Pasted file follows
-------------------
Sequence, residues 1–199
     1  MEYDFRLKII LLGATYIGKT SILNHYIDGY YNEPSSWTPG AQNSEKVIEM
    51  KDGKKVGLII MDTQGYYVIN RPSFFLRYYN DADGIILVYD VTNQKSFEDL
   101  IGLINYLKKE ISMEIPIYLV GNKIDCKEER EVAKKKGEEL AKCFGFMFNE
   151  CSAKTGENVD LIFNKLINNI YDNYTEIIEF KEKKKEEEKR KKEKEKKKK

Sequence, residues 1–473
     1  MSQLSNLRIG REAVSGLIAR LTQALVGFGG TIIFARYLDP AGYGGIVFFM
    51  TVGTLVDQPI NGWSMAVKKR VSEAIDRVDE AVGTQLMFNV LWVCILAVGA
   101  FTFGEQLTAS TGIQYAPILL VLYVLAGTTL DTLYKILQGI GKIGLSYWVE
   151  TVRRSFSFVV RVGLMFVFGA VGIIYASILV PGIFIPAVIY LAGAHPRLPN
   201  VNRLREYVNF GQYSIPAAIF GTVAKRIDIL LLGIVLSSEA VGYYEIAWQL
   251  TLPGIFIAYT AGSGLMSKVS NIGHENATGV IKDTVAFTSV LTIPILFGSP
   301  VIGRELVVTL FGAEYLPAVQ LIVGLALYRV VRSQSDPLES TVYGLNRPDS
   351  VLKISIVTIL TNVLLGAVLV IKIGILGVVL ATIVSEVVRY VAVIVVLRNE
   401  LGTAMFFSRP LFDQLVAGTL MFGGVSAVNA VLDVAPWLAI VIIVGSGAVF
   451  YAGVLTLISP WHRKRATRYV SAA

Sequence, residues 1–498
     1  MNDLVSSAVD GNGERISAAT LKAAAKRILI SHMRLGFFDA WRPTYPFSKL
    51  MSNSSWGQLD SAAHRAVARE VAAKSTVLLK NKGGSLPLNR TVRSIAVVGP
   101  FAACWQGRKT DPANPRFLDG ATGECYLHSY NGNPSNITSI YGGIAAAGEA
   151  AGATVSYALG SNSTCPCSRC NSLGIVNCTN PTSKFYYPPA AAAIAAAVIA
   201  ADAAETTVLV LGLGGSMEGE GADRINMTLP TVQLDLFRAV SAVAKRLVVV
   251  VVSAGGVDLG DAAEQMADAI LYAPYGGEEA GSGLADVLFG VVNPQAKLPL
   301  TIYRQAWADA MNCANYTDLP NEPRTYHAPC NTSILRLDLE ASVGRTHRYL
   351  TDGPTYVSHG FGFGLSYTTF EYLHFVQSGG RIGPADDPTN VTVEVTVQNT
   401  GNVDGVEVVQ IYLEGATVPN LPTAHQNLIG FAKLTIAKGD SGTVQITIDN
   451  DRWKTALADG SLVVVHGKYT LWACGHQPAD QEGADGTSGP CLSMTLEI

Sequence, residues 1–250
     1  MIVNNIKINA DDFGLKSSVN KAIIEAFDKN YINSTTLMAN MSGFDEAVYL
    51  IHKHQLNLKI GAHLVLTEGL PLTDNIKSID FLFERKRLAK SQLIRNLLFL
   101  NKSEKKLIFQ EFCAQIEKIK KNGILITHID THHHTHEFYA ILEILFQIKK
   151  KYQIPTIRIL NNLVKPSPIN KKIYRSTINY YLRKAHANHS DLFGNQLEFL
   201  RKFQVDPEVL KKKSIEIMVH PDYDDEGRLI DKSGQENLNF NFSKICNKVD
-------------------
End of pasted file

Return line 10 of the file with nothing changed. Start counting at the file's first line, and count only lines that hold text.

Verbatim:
   151  TVRRSFSFVV RVGLMFVFGA VGIIYASILV PGIFIPAVIY LAGAHPRLPN